Having already made his name releasing full blown albums on reworked NES cartridges, as well as working previously with world renowned label 8bitpeoples and performing live at the Blip Festival in New York late last year, it was about time for Alex Mauer to release his first major, largely anticipated compact disc album, which sadly doesn’t require blowing to play properly.
The chip music scene is really seeing an extraordinary growth right now, with many artists finding listeners through social networking sites like MySpace. Alex Mauer is seen as one of the more innovative artists from a niche genre at bursting point. Although it is nigh on impossible to give a definitive list of chip tune artists worthy of the most praise, Mauer’s latest album certainly does help to define the many different inspirations for artists quite commonly labelled together out of convenience.
With his work, I get the sense that Mauer is more interested in breaking apart the technologies of old and using them for exploration, bringing back a warm fussy feeling of nostalgia. Many popular chip artists purely seek to create a certain sound from these old machines combining them with newer production methods without attaching the significance of their original intention – video games. Mauer’s ’9999′ works much like a video game soundtrack, produced with many different consoles, each song is very short in it’s execution and would seem at home looped in one of your favourite video games. Right down to the exaggerated track names, it wouldn’t be wrong to close your eyes and imagine a controller lodged between your palms as you listen.
The album is made up of 42 different tracks, created using the powers of reversed engineered games consoles including the NES, Commodore 64, Gameboy, Atari XL computer, MSX computer, IBM PC/DOS, Commodore Amiga, Game Gear, and Sega Genesis. Each song is usually around the one minute mark, which works quite well as a homage to older video game soundtracks where the songs would usually loop hundreds of times before you moved onto the next level, and the next song. It is however, very difficult to appreciate each song under its own merit. Older video game soundtracks worked by looping the same small sample hundreds of times until you finished the level and moved on. It is overwhelming to listen to the album as a whole without pausing or repeating certain tracks that deserve more attention than they are given. Placing his music into a different context, in this example, MySpace, changes everything. The songs become separated and singular and so you are able to appreciate each song for its own merit. I find myself actually looping a lot of the tracks myself out of sheer enjoyment, wishing they were longer. Tracks like ‘OJ Finds the Real Killers’, ‘Red Leg, Blue Leg’ and ‘Bowman’s Tower’ could really stand up as full length songs by themselves, it’s just a shame we are limited to the one minute mark.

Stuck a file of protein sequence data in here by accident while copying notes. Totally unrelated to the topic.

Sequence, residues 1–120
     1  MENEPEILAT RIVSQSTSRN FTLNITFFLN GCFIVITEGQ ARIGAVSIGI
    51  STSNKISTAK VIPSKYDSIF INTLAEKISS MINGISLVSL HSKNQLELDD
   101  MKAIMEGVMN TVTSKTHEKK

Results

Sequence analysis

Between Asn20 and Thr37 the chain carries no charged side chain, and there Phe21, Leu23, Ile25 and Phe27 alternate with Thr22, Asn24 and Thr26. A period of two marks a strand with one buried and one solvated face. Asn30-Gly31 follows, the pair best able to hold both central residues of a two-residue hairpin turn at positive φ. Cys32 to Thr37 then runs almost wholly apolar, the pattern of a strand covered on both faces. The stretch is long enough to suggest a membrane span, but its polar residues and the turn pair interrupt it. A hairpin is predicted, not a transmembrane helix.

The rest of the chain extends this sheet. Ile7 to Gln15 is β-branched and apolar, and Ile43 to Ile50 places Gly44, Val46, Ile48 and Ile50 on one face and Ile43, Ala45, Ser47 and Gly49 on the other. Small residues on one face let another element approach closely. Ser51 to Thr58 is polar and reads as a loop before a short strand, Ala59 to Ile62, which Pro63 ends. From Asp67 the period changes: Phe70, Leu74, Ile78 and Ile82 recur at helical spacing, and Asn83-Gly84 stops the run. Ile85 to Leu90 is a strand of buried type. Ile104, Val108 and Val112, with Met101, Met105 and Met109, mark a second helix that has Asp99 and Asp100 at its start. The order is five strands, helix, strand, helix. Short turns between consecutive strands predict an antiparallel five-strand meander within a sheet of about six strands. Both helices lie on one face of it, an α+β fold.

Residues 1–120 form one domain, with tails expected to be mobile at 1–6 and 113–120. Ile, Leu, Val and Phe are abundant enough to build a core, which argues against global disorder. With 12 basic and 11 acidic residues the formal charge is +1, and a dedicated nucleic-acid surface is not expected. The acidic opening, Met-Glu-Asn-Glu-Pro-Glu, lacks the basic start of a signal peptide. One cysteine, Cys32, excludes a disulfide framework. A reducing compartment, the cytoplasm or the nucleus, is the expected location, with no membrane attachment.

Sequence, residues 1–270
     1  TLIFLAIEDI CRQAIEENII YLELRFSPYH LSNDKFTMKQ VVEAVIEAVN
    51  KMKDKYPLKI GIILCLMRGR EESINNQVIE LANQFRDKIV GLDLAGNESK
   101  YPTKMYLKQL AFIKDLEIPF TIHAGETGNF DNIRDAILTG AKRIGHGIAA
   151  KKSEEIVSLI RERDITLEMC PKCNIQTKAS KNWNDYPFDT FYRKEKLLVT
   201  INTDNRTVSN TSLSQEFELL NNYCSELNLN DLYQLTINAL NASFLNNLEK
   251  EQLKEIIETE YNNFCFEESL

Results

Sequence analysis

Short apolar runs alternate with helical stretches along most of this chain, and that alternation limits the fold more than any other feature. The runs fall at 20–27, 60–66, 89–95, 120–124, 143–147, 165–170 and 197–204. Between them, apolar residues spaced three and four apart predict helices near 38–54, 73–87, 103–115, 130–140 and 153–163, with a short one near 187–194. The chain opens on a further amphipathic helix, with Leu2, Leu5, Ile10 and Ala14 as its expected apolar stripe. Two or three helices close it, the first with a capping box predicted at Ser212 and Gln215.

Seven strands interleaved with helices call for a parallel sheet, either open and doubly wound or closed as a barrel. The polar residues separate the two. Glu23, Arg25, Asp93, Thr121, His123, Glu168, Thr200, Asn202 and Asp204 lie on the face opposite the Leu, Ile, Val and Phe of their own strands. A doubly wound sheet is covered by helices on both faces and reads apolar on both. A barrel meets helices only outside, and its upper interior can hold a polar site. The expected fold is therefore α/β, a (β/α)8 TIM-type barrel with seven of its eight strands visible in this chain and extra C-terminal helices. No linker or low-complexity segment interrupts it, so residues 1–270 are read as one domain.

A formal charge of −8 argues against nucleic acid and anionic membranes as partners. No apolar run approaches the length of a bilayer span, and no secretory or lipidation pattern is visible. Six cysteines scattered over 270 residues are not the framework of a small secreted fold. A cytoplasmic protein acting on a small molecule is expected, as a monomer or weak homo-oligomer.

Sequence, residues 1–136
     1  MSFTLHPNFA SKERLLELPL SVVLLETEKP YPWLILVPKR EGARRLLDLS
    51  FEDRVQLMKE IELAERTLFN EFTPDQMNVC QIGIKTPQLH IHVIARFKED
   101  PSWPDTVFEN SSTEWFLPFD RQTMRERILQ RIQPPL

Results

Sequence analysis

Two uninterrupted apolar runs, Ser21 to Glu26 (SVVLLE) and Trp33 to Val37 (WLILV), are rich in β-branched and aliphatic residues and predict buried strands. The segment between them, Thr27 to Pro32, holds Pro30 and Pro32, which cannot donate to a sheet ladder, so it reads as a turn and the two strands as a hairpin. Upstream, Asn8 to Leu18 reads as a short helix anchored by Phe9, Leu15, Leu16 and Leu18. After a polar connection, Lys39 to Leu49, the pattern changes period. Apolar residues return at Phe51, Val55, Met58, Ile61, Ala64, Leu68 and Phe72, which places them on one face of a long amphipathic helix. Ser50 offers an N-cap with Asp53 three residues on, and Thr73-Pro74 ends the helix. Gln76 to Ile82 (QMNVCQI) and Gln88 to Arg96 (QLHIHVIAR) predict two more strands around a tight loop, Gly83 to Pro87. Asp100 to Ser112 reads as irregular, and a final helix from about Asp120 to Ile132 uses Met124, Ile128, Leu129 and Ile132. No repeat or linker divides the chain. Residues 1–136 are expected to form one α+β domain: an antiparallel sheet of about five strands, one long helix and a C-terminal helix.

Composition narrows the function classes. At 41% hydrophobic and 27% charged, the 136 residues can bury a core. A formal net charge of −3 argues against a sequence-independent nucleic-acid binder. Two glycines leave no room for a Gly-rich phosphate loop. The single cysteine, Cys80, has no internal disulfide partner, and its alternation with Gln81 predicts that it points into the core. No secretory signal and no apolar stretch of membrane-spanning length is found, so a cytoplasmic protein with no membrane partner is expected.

I get the overwhelming feeling that ‘9999’ was more of an experiment to Mauer than anything, a chance to push the boundaries of his ability with the technology and expectations of his audience by producing a full length CD that many fans of the genre would never have experience before. It’s a huge achievement to see that Mauer has created so many different styles of music and created what feels like such a homage to the video game soundtracks of old.
Alex Mauer’s album 9999 is available now to order on CD for $15 from record label II (Pause) located here. (http://www.iimusic.net/catalog/2008/06/9999)